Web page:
The curtain becomes blue, a cloud that suggests the infiniteness of the walk through the gallery’s space and time. The random colour might remind of the tanners in Mali. But, no, there are just more or less dense pigments in the mixture where the white tissue is plunged, more or less folded or unfolded. It’s Joël, the tanner and the dyer, the master of all the colours he would evade as he could. Preferring the founding black of the depths and drama. A black that invites white rather quickly, to live together or to get married.

Rugs, collages, sewn and dyed textiles, neon and dispersed objects just like all the shapes of desire, just like all the proclamations of love. Perhaps that’s what art is all about.

Jean Loup Pivin
Paris, March 2019


Joël Andrianomearisoa

“Tomorrow, tomorrow. Those are words. You love flowers. How about tomorrow?”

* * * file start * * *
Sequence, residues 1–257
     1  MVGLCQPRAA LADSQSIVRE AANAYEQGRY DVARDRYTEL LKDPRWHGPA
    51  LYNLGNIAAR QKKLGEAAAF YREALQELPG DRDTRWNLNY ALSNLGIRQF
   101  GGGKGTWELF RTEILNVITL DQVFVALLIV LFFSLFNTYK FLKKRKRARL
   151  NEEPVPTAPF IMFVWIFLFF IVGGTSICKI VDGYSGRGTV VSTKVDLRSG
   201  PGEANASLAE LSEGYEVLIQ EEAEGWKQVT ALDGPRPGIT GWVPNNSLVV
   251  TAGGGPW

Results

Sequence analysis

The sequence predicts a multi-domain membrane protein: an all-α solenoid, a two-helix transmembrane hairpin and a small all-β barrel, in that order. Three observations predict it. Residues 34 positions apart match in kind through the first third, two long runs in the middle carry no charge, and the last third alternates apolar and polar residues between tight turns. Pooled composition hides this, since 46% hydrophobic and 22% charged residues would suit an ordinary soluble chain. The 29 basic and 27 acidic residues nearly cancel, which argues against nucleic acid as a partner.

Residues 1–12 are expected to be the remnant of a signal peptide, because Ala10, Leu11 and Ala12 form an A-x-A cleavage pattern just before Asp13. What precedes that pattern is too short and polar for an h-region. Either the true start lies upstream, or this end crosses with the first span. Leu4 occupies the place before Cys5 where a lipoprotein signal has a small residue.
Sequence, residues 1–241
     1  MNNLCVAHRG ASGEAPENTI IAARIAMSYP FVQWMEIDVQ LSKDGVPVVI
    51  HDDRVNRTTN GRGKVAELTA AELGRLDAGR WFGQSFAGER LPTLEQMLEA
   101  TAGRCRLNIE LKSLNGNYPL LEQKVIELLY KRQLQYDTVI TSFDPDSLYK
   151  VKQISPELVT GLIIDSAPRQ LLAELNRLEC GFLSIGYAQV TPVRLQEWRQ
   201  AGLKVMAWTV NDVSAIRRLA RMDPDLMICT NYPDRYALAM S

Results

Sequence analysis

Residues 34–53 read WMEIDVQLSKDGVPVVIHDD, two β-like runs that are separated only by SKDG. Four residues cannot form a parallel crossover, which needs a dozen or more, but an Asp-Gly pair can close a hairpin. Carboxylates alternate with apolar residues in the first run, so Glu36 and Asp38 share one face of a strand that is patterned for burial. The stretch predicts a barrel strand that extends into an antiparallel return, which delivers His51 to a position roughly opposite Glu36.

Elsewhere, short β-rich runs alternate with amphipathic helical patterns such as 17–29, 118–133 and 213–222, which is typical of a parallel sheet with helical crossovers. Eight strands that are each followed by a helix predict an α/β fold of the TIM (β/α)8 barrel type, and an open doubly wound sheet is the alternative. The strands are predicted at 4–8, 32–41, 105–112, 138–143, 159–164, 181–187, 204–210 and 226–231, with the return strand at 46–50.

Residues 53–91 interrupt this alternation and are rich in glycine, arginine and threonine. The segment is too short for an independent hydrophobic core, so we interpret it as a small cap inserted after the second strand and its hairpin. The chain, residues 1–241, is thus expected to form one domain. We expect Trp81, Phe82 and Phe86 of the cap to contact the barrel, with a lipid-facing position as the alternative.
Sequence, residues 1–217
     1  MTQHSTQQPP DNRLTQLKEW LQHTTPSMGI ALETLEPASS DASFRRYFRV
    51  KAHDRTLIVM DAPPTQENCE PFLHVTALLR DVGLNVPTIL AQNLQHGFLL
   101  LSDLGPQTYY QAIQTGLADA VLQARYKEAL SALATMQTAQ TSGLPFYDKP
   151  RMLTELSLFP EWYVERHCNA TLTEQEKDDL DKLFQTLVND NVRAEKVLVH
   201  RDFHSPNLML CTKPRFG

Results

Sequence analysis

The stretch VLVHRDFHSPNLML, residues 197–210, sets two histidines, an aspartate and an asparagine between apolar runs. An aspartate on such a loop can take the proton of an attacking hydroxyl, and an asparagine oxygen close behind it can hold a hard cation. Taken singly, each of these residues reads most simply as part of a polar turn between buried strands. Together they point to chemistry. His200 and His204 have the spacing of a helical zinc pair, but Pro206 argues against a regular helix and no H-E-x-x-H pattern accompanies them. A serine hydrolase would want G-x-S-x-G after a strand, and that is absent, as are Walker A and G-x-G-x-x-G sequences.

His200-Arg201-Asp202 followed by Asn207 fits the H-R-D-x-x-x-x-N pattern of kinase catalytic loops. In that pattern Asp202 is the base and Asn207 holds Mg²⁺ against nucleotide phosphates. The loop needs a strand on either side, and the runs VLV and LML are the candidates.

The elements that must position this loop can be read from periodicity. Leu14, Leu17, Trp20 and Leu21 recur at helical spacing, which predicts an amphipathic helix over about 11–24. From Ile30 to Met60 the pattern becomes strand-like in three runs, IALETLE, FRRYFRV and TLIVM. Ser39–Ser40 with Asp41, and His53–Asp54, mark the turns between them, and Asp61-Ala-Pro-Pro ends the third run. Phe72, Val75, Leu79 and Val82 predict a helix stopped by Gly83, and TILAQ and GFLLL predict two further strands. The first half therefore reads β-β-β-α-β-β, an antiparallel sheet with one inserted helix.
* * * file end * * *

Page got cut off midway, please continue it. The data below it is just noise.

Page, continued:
13 April - 29 July, 2019

Text by Domenico de Chirico
Sabrina Amrani, Madrid

The impact strength of the work of Joël Andrianomearisoa, the tracing he left in space, his mark, has always had an ostentatiously present character. The energy it generates continually recalls its presence, emphasizes the lack of time, a space created from chronological laws, an incisiveness that shakes the monochrome. This aspect that constitutes the totality of the artistic production of Andrianomearisoa plays with the no-time, highlighting its repetition, marking the rhythm of a not before and not after, when using references that sink their roots in ancient rites and therefore they seem to look to the past; what they really do is bring to light, in visual and spatial terms, the visceral beginnings of humanity, the non-chronological but inextricably constitutive roots of human nature and its way of being in the world.